DCPS Public Budget Hearing
Tuesday, October 29, 2019
Maury Elementary School
Thank you for the opportunity to testify this evening. My name is Suzanne Wells. I am the president of the Ward 6 Public Schools Parent Organization, and our organization is a member of the Coalition for DC Public Schools and Communities or C4DC.
First, I want to congratulate DCPS on the enrollment increase it saw for SY 2019-2020. DCPS now enrolls more than 51,000 students, and there was a 4% growth in in-boundary enrollment. This enrollment growth is due to the hard work of principals and teachers, the efforts of the DCPS enrollment team to promote feeder patterns, the modernization of our city’s school buildings, the confidence families have in DCPS and much more. This year’s enrollment growth gives us hope DCPS will meet, and hopefully exceed, it’s enrollment target of 54,000 by 2022. This hard work must continue because there is still much work to be done to ensure every neighborhood has a high-quality, by-right school. It can’t be emphasized enough that enrollment growth is important because school budgets are determined primarily by a school’s enrollment.
Currently, schools are allocated funds to support a Comprehensive Staffing Model. This model ensures a baseline number of teachers, administrators, related arts teachers, and other staff. The City Council has proposed legislation, and there have been discussions at DCPS, to move towards a School Based Budgeting model. Ensuring all schools have librarians, music, art and PE teachers is important to ensuring a well-rounded education for children. I strongly encourage DCPS to conduct careful analyses on comparisons between the Comprehensive Staffing Model and any new budget model considered in order to fully understand any trade-offs made before moving to a new model. I encourage DCPS to engage stakeholders early in the process of analyzing the impacts of a new model.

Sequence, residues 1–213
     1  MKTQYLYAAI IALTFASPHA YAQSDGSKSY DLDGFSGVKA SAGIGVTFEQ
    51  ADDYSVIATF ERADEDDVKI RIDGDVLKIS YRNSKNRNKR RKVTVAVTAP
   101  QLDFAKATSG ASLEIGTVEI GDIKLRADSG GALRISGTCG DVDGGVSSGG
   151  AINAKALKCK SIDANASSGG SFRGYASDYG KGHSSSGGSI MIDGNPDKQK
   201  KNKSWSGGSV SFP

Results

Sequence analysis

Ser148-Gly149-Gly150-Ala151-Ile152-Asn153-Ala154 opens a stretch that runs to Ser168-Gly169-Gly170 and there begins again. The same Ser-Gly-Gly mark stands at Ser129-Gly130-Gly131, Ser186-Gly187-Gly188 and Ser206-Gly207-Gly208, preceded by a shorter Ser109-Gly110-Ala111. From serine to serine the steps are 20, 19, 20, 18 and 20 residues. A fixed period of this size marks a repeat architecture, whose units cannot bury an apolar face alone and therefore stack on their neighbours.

Members of our organization have been very involved in ensuring at-risk funds are used in ways that are expected to improve student achievement. In the past, at-risk funds have been used for purposes not directly related to supporting at-risk youth. I encourage DCPS to share more with schools the available research-based evidence as to what has been impactful in raising performance among at-risk youth to help inform school-based decisions, and to ensure school budgets are transparent about how at-risk funds are used.
Our members have also advocated for DCPS to continue funding for school technology and the Empowered Learners Initiative in the 2021 budget. We will not achieve digital equity until students in all grades have access to working computers, as well as support for becoming computer literate.
Finally, in looking at the FY2019 approved budget for the Public Education System, it lists over $63 million for non-public tuition and $90 million for special education transportation. I believe these line numbers are directly related to DCPS not providing adequate educational services for special education youth at our neighborhood schools. As DCPS works to strengthen its by right public school system, I encourage DCPS to always use its lens of promoting equity and work to support more students with special needs at our neighborhood schools.